Ricardo J. Quinones Distinguished Lectureship Series
Ovid’s Metamorphoses and the History of Art
“In a broad sense,” writes art historian Paul Barolsky, “all art, even abstract or decorative art, is in some measure representational, and as such is an illusion or at least allusive, even when its meaning is elusive. The word ‘illusion’ is rooted in the word ludere, ‘to play,’ reminding us that all art, no matter how serious, is a form of play...” Such playfulness, such whimsy endows Barolsky’s own discourses on art history. In the very titles of his books Michelangelo’s Nose, Why Mona Lisa Smiles, Infinite Jest, and The Faun in the Garden, Barolsky promises merriment—and delivers that and ever so much more in language as bright, pellucid, and refreshing as the waters of a tropical (or pre-industrial Venetian) lagoon. With the vividness and motivity of a master storyteller, Professor Barolsky invites his readers—not only professional colleagues, but also a broader audience of non-specialists—to tag along on his intellectually picaresque journeys. But make no mistake: though the narrative in his many books and essays sometimes seems as footloose as it is (blessedly) footnote-less, Barolsky knows the terrain of classical and Renaissance art and literature as intimately and entirely as Virgil knew Mount Purgatory’s.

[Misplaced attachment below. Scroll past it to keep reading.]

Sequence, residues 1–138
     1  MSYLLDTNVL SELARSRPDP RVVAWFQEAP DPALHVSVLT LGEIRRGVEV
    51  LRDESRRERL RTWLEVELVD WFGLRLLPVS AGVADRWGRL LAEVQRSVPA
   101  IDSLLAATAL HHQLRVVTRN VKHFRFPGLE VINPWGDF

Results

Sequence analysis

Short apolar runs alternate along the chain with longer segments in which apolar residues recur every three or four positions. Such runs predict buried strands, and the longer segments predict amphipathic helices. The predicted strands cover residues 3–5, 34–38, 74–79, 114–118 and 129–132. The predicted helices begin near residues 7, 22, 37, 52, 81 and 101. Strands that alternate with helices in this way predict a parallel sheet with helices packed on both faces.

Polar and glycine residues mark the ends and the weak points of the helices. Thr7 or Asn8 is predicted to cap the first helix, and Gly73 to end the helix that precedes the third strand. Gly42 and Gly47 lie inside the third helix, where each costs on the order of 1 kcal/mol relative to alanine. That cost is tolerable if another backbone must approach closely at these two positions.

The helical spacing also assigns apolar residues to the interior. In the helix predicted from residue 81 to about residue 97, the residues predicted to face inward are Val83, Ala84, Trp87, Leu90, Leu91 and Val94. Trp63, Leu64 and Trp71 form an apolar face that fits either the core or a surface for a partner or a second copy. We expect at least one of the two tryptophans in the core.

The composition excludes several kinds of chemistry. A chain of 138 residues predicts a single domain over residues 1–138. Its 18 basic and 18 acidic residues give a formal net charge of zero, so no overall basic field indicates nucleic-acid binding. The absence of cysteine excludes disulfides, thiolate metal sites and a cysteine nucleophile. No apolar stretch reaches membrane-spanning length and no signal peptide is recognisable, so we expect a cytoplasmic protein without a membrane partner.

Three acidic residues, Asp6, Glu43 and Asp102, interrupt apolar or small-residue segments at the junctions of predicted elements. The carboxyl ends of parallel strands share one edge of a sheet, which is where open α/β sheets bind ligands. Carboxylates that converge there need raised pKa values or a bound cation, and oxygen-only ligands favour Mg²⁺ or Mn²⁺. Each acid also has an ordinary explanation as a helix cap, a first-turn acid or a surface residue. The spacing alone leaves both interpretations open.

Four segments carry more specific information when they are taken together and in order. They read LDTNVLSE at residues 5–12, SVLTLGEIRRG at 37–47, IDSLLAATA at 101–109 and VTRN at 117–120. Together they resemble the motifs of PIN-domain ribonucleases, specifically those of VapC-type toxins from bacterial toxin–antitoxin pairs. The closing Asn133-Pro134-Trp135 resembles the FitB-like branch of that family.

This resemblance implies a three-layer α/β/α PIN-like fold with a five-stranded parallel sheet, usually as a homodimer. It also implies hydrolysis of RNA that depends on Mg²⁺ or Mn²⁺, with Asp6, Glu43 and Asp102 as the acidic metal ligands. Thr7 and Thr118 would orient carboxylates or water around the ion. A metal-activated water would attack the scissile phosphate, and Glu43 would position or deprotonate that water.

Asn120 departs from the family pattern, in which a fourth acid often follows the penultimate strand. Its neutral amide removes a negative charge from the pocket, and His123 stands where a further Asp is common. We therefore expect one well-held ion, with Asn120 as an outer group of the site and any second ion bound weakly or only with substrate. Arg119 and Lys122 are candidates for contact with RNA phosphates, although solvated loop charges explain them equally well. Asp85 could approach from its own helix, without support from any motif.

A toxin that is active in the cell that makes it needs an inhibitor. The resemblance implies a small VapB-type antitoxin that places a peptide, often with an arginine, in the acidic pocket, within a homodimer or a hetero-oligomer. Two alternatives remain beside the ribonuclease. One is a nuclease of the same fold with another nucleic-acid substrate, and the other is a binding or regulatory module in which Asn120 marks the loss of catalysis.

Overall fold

The Commonwealth Professor at the University of Virginia’s McIntire Department of Art, Paul Barolsky is the Ricardo J. Quinones Distinguished Lecturer for Academic Year 2006-07. Established in honor of the founding director of the Family of Benjamin Z. Gould Center for Humanistic Studies, the Quinones Lectureship brings to the CMC campus some of the world’s preeminent intellectuals, writers, and public figures. Among Dr. Barolsky’s other honors and awards are the Phi Beta Prize for his book Walter Pater’s Renaissance; appointments as Resident Scholar at the American Academy in Rome and the Getty Research Institute; and a Guggenheim Fellowship.
Dr. Barolsky’s Athenaeum presentation included a slide show of works of art that illustrate Ovidian themes.